Other things I loved... The terrain. It had a lot of character. I also liked the practical stuff like seeing what they ate and drank. It seems like everyone can't get enough coffee in this movie. Seriously, there are like 20 mentions of coffee. Good coffee, bad coffee, hot coffee, cold coffee... whatever. There was a similar thing going on in Seven Men From Now. It's as if coffee was just as important to the wild west as six-shooters & saddle-bags (hey, that's a good title for a marathon!).




All in all I thoroughly enjoyed both the film and the short story. Out of the movies so far I'd say this was closest to what I imagined while reading.

The Book
                                     
The Movie

smirnoff

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Re: Elmore Leonard & Film
« Reply #25 on: May 17, 2010, 08:06:07 AM »
       
-straightforward story
-good dialogue
-unique scenarios
-distinct characters

-Burt Lancaster is too old
-very bland style
-doesn't do the villain justice
-action was so-so


I'm still waiting to read a Leonard book that knocks me on my ass. So far they've all be good or decent, but not great.

oneaprilday

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Re: Elmore Leonard & Film
« Reply #26 on: May 17, 2010, 10:48:12 AM »
Not sure how I missed this thread until now! :(

Anyway, great reading so far. Especially loved your write-up on 3:10 to Yuma. I enjoyed the remake, but the original is great.

smirnoff

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Re: Elmore Leonard & Film
« Reply #27 on: May 17, 2010, 11:06:55 AM »
Thanks OAD :)

Not sure how I missed this thread until now! :(

Heh yeah, well there's a lot of marathons going on these days. It's easy to do. :)

smirnoff

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Re: Elmore Leonard & Film
« Reply #28 on: June 19, 2010, 12:17:09 PM »
Joe Kidd
(John Sturges, 1972)

Not too good. It has a bit of an odd plot. Joe Kidd is stuck in the middle of a Mexican Revolution and the wealthy land owner who wants to break it up. Itís a bit like a union-busting story played out in the wild west. That could be interesting, but the politics and philosphy of these things isnít really explored or discussed.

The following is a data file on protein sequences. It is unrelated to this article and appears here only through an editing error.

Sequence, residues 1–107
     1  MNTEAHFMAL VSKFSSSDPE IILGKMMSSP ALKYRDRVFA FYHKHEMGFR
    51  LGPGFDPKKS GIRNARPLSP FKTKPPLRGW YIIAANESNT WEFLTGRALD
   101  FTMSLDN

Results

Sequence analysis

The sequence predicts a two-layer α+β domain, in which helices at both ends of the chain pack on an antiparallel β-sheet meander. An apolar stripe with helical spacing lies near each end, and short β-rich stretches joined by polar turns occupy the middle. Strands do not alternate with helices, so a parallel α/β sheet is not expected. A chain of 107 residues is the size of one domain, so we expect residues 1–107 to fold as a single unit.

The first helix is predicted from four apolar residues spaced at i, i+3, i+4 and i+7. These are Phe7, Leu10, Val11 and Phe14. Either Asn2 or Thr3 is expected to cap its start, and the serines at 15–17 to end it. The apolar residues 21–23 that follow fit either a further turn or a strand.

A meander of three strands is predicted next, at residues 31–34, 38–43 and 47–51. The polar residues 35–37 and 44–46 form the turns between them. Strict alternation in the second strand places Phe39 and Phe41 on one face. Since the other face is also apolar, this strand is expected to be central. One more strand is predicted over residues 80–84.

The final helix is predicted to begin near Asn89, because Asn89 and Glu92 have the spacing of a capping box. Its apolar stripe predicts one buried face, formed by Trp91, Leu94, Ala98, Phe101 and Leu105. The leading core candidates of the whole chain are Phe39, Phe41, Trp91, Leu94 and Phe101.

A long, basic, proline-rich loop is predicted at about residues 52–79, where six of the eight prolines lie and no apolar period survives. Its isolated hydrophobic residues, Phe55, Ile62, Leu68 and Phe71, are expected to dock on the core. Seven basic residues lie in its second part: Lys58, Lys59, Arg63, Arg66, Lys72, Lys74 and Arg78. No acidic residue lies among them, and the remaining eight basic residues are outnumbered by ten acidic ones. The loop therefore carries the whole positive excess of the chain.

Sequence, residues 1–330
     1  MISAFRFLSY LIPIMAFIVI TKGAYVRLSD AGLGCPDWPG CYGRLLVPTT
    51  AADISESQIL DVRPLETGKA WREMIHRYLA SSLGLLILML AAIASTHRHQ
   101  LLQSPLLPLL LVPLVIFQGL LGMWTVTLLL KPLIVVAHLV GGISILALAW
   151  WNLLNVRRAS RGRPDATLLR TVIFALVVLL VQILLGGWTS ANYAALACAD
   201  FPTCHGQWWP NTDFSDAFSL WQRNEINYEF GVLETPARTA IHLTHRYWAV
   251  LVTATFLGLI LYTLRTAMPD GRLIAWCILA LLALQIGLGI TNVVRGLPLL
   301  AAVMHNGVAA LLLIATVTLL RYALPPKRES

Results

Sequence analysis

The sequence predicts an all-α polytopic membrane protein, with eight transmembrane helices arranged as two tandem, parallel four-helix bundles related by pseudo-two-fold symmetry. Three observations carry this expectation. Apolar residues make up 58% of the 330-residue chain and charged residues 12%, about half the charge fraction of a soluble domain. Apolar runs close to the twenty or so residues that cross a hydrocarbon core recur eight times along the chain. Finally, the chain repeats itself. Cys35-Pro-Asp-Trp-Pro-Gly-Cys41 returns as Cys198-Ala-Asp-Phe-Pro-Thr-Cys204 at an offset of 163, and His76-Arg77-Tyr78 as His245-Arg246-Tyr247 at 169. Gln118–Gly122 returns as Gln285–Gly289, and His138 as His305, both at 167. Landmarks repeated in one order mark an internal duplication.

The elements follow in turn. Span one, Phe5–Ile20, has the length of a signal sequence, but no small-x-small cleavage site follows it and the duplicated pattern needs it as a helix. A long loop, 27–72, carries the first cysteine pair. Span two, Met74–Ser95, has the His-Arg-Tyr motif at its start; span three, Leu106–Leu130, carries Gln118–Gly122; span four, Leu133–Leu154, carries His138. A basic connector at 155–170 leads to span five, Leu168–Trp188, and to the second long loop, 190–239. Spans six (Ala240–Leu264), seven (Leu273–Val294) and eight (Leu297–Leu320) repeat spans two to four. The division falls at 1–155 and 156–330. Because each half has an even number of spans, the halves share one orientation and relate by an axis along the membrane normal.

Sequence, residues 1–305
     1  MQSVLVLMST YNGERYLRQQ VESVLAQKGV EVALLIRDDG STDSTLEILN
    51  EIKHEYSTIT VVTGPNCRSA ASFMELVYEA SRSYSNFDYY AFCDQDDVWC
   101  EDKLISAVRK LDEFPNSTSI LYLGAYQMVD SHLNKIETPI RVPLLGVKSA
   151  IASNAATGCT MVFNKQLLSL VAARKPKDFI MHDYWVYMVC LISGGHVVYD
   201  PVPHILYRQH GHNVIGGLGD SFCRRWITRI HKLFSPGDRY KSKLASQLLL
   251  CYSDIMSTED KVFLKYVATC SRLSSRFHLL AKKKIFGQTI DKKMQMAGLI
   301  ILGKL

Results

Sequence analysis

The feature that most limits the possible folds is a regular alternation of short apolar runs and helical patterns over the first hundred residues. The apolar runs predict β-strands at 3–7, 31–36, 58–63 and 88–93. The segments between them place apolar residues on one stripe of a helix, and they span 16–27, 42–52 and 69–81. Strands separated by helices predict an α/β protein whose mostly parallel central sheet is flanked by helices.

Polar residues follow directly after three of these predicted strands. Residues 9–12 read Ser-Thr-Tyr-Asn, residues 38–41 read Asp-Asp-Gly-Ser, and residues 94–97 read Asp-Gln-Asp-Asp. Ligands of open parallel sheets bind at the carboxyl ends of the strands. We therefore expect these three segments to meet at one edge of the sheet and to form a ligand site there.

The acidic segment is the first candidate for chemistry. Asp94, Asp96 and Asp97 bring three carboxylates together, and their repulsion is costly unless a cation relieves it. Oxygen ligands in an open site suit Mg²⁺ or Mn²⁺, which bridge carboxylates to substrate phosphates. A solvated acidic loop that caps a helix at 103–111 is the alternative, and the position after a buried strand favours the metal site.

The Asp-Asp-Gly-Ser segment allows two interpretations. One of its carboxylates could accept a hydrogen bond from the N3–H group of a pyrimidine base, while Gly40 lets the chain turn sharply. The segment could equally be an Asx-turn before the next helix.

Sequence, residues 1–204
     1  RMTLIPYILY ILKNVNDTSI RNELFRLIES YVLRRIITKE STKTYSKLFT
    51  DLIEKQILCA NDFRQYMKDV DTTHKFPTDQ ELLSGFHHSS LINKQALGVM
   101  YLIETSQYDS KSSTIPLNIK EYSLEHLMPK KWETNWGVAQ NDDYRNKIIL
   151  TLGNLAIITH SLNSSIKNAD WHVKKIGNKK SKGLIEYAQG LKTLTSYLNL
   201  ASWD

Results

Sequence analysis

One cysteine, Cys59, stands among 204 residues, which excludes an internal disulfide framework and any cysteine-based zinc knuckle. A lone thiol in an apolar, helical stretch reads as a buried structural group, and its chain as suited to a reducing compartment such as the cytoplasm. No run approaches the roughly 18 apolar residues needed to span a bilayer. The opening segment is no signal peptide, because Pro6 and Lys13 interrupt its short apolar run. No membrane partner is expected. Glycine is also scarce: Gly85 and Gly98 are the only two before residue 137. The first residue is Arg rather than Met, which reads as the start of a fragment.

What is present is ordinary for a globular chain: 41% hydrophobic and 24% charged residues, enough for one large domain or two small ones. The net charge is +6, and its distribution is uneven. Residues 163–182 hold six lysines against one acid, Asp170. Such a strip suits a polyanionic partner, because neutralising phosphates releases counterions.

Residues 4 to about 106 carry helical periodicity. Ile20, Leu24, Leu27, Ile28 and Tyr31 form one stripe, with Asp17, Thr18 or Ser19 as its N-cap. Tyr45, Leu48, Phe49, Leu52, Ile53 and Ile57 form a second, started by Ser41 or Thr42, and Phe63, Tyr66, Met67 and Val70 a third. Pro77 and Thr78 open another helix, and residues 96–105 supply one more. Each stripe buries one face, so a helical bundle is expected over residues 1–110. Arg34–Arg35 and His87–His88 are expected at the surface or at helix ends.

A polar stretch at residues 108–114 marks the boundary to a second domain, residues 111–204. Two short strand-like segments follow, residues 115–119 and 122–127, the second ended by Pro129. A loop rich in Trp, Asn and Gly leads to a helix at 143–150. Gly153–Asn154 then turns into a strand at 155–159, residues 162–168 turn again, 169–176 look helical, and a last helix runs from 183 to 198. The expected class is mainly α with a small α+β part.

Joe Kidd is a gunman and a tracker. Heís hired by Robert Duvallís character (Frank Harlan) to track down the leader of the Mexican revolutionaries, Luis Chama (played by John Saxon, who I eventually recognized from Enter the Dragon). At first Kidd is set on killing Chama himself, but then after he meets the man he switches sides. Now he has Harlan in his crosshairs.

As for Elmore Leonard, he wrote this screenplay specifically for the big screen. I can see the potential, what with all the different parties involved, but unfortunately the final product just didn't come alive. The dialogue has a similar feel to that of the other Westerns he's written, but also it's fairly typical of the genre in general. Nothing spectacular.

In the end I didnít find this film had much to offer. A few decent scenes of dialogue between Eastwood and Duvall, but no real memorable lines. The score was interesting. It was done by Lalo Schifrin, also involved with Enter the Dragon, and they sound very similar. Iím not sure it really fits, but itís certainly of its time. Other than that... hmm.

Hereís Eastwood looking cool with a scattergun.


And now with a revolver.


And here he is killing guys using no guns at all.









Good scenary in this movie, but horrid image quality.


Summary: I think Joe Kidd can safely be skipped, both for better Leonard stories AND better Eastwood movies.
John Sturges has probably also directed better movies than this, I just haven't seen 'em yet.


dheaton

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Re: Elmore Leonard & Film
« Reply #29 on: June 23, 2010, 04:28:54 PM »
This is great so far.  I had no idea Leonard contributed to this many films.  I'm more familiar with the recent stuff.